Broadly, however, the gang protects the powerless by mustering public support to engineer social change. Last year, Devi even contested the state polls as an independent candidate but could muster only 2,800 votes. Despite being trounced, she isn’t keen to partner with an established NGO. “They invariably ask for kickbacks,” she says.
On the contrary, the Pink Gang prefers to set right things on its own by helping hapless people caught between administrative apathy and a social system steeped in ossified beliefs. Apart from administrative neglect, Banda’s natural resources, which could theoretically provide sustainable livelihoods to its people, are being plundered by a few as the local administration looks the other way, the group says. Many residents are forced to migrate for several months each year in search of work.
Though agriculture and allied activities are the primary source of livelihood for about 80 per cent of Banda’s populace, most farmers subsist on spectacularly low wages –Rs40-50 daily for men and Rs25-30 for women. In some villages, the farmers don’t even get money, only a meager quota of one kg of grain for a day’s labor. The system of bonded labor is rampant too.
Unsurprisingly, Banda’s human development indices for its women are dismal. Female literacy for the region is only 23.9 percent against 50.4 per cent for males, while its skewed sex ratio is 846 females for every 1,000 males against the state average of 879. Domestic violence is common. In other words, the district’s caste-ridden and feudalistic set-up does nothing to empower women.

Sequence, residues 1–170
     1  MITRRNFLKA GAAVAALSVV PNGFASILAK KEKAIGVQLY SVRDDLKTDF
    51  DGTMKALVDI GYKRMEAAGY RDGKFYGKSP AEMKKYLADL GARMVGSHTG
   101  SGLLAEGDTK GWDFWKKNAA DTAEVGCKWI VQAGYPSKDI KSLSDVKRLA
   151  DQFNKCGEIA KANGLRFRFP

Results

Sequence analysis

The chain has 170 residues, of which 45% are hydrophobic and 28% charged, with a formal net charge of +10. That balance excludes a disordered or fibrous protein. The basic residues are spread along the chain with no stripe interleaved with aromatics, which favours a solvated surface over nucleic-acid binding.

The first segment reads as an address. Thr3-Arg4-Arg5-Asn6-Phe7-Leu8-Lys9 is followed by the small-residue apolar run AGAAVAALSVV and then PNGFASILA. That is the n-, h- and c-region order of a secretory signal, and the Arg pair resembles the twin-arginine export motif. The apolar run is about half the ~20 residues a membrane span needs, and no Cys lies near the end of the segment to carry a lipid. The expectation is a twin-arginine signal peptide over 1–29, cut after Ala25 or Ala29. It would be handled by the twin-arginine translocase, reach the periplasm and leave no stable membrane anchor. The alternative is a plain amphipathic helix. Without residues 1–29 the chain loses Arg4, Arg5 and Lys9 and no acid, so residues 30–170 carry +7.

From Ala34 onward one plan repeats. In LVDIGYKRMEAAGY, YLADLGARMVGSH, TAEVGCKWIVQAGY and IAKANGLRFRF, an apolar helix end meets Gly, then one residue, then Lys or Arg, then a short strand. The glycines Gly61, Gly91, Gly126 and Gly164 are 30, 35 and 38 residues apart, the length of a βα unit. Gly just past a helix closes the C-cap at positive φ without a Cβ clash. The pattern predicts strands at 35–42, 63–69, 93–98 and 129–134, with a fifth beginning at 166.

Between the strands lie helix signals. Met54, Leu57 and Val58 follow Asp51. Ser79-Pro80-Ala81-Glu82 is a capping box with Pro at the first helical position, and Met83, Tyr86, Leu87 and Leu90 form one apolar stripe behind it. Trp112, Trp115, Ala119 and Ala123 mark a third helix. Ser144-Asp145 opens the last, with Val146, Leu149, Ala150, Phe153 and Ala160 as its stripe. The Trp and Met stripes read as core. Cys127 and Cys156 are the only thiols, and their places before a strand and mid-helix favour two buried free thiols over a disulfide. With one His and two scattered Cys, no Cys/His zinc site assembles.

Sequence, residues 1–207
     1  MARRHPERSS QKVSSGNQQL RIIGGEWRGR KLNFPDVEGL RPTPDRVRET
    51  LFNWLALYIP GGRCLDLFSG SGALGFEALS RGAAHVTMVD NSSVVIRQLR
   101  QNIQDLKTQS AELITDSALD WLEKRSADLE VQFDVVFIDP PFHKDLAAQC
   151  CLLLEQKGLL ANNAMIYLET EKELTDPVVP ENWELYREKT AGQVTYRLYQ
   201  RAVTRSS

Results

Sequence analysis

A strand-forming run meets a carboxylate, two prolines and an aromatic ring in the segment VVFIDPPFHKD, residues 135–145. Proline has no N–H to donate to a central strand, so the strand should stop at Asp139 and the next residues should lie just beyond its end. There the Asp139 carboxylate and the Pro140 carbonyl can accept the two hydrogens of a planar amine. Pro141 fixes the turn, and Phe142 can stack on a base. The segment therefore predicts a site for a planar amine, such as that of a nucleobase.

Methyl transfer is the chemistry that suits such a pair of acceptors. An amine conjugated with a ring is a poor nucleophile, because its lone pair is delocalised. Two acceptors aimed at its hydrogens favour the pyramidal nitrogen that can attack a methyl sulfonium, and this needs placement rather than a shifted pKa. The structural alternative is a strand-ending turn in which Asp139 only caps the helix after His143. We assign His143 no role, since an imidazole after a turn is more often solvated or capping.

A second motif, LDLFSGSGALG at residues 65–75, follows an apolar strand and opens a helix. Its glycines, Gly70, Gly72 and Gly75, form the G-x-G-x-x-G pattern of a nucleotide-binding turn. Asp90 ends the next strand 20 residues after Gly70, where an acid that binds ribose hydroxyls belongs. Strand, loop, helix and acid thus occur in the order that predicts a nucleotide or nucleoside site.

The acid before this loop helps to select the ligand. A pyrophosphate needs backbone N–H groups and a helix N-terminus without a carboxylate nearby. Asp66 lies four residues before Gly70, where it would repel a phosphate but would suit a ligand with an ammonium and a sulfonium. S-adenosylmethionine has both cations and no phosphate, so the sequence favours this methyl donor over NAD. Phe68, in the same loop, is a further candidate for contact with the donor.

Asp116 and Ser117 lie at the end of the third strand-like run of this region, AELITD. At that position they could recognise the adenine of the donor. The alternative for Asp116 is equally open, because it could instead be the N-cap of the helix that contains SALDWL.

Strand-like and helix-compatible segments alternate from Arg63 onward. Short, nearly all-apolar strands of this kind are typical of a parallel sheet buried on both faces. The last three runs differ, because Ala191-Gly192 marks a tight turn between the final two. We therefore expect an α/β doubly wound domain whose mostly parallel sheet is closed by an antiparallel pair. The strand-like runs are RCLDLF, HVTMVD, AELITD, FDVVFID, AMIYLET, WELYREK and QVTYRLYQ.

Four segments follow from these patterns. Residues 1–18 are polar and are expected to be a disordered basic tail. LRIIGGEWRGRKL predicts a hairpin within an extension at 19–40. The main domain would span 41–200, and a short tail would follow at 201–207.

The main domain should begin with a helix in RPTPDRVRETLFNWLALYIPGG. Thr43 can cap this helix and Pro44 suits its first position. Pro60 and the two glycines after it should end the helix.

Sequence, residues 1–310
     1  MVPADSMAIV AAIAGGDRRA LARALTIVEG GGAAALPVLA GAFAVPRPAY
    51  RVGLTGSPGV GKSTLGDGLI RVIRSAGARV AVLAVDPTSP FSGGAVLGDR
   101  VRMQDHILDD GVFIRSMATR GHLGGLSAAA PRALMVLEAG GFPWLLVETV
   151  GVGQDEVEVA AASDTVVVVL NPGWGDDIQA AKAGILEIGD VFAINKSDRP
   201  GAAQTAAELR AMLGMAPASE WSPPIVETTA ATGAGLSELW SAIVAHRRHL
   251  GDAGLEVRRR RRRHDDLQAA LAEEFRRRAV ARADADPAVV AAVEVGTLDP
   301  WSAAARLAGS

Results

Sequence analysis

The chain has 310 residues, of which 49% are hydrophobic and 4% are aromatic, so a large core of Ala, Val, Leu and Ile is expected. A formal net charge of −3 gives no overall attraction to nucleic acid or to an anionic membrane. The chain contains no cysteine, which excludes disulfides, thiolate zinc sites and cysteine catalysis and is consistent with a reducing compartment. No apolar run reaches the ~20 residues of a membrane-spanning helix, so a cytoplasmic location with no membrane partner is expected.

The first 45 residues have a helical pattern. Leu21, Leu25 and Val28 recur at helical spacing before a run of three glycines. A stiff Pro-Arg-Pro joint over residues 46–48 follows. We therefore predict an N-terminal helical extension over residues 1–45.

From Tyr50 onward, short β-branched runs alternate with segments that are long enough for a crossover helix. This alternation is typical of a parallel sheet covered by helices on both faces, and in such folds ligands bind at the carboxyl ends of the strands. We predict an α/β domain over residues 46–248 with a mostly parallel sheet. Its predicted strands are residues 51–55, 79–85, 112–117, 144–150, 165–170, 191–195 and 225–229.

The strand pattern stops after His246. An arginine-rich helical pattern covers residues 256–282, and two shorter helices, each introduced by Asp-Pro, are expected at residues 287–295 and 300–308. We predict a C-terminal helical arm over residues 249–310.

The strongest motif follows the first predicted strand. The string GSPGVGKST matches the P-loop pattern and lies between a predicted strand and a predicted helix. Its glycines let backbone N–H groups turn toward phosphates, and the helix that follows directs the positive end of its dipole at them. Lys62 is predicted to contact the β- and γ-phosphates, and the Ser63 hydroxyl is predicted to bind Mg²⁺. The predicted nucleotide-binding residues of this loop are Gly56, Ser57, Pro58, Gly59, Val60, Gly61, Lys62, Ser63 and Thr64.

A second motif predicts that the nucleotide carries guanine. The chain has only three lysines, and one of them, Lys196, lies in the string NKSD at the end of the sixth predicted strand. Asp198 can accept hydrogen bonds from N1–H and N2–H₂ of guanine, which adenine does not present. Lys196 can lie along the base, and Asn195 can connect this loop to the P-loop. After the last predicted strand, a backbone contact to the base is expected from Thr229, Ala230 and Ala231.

Banda’s dalits or untouchables, who constitute over 20 per cent of its over 1 million people, are no better off. According to a recent government survey spanning 28 districts of Uttar Pradesh (including Banda), lower-caste students and staff still face open discrimination in education. Dalit children are even forbidden to eat their meals with higher-caste students. The segregation is so widespread that teachers even use separate sticks to discipline Dalits. Due to the stigma of untouchability, Banda’s Dalits are often beaten by higher-caste people on flimsy pretexts.
In such a scenario, sociologists say the only hope for a wronged people are mass movements like the one exemplified by the Pink Gang. And despite the fact that the group doesn’t have an office, its members gather in Devi’s house at regular intervals to discuss fresh cases and their strategy to deal with them. The women are also given training in self-defense by Devi and her trusted lieutenants. Interestingly, a male member joined the club last year.
The emergence of a women’s vigilante group in Banda is a symptom of deeper social ills. “If elected representatives refuse to heed the voices of ordinary citizens,” says New Delhi-based sociologist Dr Prerna Purohit, “then people have no choice but to take the matter in their own hands. It’s a wake-up call for the government in the world’s largest democracy.”
It's also a wake up call for governments everywhere, including the USA.